Cablegate: Media Reaction: U.S.-China-Taiwan Relations


DE RUEHIN #0151/01 0390945
R 080945Z FEB 10




E.O. 12958: N/A

Summary: Taiwan's major Chinese-language dailies focused February
6-8 news coverage on the tumbling world stock markets last Friday;
on the prosecutors' search of a local financial holding company last
Friday; and on the year-end five city and county magistrates'
elections. In terms of editorials and commentaries, an editorial
and an op-ed piece in the pro-independence "Liberty Times" both
discussed U.S. arms sales to Taiwan. The editorial said the Taiwan
people should no longer put hopes in the Ma administration, which
just curries favor with China and sees Taiwan's defense needs as
child's play. The op-ed also said Taiwan's defense needs have been
ignored during the United States' decision-making process. An
editorial in the pro-unification "United Daily News," however, said
Taiwan can use its "soft power" to play a critical role in the
triangular relationship between Washington, Beijing and Taipei. An
editorial in the conservative, pro-unification, English-language
"China Post" discussed China's rising confidence and "increasing
assertiveness" in its dealings with China. An editorial in the
pro-independence, English-language "Taiwan News" said Taiwan's "best
path is to play the role of a democratic balancer to the rise of an
authoritarian and expansionist China and the declining regional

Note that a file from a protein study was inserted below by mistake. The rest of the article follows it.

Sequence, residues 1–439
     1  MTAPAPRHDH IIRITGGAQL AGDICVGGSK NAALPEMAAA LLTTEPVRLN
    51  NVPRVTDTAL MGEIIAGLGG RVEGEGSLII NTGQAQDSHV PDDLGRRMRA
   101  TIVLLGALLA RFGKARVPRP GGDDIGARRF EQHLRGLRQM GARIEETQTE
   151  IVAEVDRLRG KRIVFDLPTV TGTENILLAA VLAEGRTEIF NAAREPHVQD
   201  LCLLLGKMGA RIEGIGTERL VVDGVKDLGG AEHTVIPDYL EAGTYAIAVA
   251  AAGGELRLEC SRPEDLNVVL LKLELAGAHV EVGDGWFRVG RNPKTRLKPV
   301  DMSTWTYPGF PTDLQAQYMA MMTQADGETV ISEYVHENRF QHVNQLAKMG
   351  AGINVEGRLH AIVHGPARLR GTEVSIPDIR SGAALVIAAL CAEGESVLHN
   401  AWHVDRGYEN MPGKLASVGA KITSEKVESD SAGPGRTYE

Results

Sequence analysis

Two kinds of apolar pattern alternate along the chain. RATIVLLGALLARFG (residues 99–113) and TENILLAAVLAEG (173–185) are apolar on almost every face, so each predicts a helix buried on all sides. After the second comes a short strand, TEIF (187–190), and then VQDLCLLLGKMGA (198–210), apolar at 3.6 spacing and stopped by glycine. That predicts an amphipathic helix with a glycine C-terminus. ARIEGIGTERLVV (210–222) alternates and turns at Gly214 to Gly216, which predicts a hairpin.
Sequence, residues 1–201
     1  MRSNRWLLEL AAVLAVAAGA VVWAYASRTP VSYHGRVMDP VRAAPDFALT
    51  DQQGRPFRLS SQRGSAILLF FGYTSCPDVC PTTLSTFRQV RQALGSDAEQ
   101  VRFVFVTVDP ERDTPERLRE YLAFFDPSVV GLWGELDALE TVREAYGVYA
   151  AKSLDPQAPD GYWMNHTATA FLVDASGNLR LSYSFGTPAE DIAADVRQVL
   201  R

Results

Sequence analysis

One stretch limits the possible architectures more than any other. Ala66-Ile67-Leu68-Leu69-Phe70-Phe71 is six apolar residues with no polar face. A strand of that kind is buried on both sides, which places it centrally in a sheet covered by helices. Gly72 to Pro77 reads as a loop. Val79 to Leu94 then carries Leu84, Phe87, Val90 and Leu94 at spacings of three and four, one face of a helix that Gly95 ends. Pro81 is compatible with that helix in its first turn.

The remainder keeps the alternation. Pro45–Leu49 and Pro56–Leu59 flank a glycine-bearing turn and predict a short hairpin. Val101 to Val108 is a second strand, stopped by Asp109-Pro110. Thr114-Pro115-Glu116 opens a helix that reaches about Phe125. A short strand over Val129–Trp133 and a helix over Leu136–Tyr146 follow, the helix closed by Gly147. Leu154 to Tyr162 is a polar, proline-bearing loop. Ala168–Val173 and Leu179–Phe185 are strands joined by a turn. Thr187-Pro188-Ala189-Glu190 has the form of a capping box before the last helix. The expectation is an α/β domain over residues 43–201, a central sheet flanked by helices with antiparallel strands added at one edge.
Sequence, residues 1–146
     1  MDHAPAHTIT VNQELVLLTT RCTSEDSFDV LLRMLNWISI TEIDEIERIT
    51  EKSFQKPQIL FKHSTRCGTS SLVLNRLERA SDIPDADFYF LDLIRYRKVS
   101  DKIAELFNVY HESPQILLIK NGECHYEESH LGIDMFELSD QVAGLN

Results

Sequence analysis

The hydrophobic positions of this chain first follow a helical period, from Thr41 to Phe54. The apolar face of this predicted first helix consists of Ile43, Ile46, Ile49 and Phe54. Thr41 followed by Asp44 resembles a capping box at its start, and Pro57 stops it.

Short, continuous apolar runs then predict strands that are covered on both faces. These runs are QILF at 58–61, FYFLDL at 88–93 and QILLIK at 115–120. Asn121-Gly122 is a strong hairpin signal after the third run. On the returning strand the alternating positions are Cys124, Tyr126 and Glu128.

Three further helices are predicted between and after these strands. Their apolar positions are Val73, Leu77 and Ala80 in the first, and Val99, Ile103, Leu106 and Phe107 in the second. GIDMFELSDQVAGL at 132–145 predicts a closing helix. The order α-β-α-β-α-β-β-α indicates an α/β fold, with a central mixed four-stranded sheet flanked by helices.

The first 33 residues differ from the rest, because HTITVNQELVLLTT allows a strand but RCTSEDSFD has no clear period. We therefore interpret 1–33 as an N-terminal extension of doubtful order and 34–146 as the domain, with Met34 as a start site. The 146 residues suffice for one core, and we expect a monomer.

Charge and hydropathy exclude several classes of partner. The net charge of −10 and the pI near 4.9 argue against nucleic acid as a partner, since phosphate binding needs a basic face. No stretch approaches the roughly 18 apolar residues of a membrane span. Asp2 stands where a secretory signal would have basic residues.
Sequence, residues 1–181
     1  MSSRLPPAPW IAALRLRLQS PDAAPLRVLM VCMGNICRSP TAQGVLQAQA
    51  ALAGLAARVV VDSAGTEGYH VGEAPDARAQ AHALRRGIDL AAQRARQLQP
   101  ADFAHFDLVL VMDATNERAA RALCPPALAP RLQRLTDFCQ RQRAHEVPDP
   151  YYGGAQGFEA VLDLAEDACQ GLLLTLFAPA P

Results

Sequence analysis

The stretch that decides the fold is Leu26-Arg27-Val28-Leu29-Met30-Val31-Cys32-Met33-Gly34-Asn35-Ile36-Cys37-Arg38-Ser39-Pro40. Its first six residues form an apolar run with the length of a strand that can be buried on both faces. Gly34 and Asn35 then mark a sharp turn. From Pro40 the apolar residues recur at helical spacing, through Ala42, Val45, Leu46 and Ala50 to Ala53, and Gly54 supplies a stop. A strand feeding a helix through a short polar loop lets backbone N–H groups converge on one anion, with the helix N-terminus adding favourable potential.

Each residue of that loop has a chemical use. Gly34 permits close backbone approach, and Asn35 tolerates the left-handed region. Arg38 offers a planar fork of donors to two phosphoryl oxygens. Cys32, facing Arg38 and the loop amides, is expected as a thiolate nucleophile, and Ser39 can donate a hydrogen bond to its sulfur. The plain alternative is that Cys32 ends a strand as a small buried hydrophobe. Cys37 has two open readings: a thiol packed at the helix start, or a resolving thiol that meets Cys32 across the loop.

presence of the U.S. ..." End summary.

A) "Can [We] Allow the Ma Administration to Cling Obstinately to Its
Reckless Course?"

The pro-independence "Liberty Times" [circulation: 680,000]
editorialized (2/6):

"... As the receiver of the United States' arms sales to Taiwan, a
decision made in accordance with the Taiwan Relations Act, our
government did make some positive responses [to the move]. But in
response to China's picking an argument for no reason, the Ma
administration, which is adopting an all-round China-tilting policy
line, did not dare to make any comment. China has been deploying
heavy military forces and many missiles on the opposite side of the
Taiwan Strait, and it has openly declared that it will not hesitate
to use force to annex the island. Judging from basic common sense,
Taiwan's procurements of foreign armaments are nothing but a move
aimed at maintaining its fundamental defense needs. ...

"... But now Ma Ying-jeou has cut corners for the United States [in
terms of the arms sales to Taiwan], as shown in the arms sales
package which does not contain the submarines and more advanced
fighter jets). Still, [the Ma administration's] reactions were
simply to justify its expedited tilting toward China -- namely,
'arms sales' would [enable Taiwan] to engage in more interactions
with Beijing. [The KMT], be it a ruling or opposition party, has
been wholeheartedly trying to curry favor with China and has viewed
Taiwan's fundamental defense needs as insignificant matters. How
can the Taiwan people have hope in such a political party? ..."

B) "[U.S.] Arms Sales to Taiwan, a Minor Defect in Something
Otherwise Perfect"

Bill Chang, an advisory member at the Taiwan Thinktank, opined in
the pro-independence "Liberty Times" [circulation: 680,000] (2/6):

"... The acquisition of large-scale military weapons requires a long
time and complicated preparations beforehand. Now that the United
States has failed Taiwan again in [providing it with] certain major
[arms] items, it is obvious that [Washington] has failed to catch up
with Taiwan's needs for its military buildup. This is particularly
true given that Taiwan is incapable of manufacturing such weapons
and has no other reliable channels to acquire those weapons.
Furthermore, it is already a fact that Washington has attached
increasing importance to China. Since [President Barack] Obama took
over the helm, [U.S.] arms sales to Taiwan have appeared to become a